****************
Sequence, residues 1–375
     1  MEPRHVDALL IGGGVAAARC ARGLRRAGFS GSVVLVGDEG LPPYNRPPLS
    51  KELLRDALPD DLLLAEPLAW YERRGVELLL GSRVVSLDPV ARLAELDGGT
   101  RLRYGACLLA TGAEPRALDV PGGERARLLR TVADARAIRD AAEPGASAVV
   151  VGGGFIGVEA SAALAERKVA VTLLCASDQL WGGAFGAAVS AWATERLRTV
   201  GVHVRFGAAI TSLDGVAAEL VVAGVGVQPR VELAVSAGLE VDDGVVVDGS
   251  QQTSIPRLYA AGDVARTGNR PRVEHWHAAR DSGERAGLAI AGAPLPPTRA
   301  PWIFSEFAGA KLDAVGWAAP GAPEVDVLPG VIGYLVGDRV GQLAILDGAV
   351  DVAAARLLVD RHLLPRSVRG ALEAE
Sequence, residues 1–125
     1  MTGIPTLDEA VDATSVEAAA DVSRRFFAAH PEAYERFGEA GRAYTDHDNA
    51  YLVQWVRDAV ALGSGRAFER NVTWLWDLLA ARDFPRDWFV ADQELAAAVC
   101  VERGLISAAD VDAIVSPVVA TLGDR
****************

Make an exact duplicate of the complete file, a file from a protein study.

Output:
Sequence, residues 1–375
     1  MEPRHVDALL IGGGVAAARC ARGLRRAGFS GSVVLVGDEG LPPYNRPPLS
    51  KELLRDALPD DLLLAEPLAW YERRGVELLL GSRVVSLDPV ARLAELDGGT
   101  RLRYGACLLA TGAEPRALDV PGGERARLLR TVADARAIRD AAEPGASAVV
   151  VGGGFIGVEA SAALAERKVA VTLLCASDQL WGGAFGAAVS AWATERLRTV
   201  GVHVRFGAAI TSLDGVAAEL VVAGVGVQPR VELAVSAGLE VDDGVVVDGS
   251  QQTSIPRLYA AGDVARTGNR PRVEHWHAAR DSGERAGLAI AGAPLPPTRA
   301  PWIFSEFAGA KLDAVGWAAP GAPEVDVLPG VIGYLVGDRV GQLAILDGAV
   351  DVAAARLLVD RHLLPRSVRG ALEAE
Sequence, residues 1–125
     1  MTGIPTLDEA VDATSVEAAA DVSRRFFAAH PEAYERFGEA GRAYTDHDNA
    51  YLVQWVRDAV ALGSGRAFER NVTWLWDLLA ARDFPRDWFV ADQELAAAVC
   101  VERGLISAAD VDAIVSPVVA TLGDR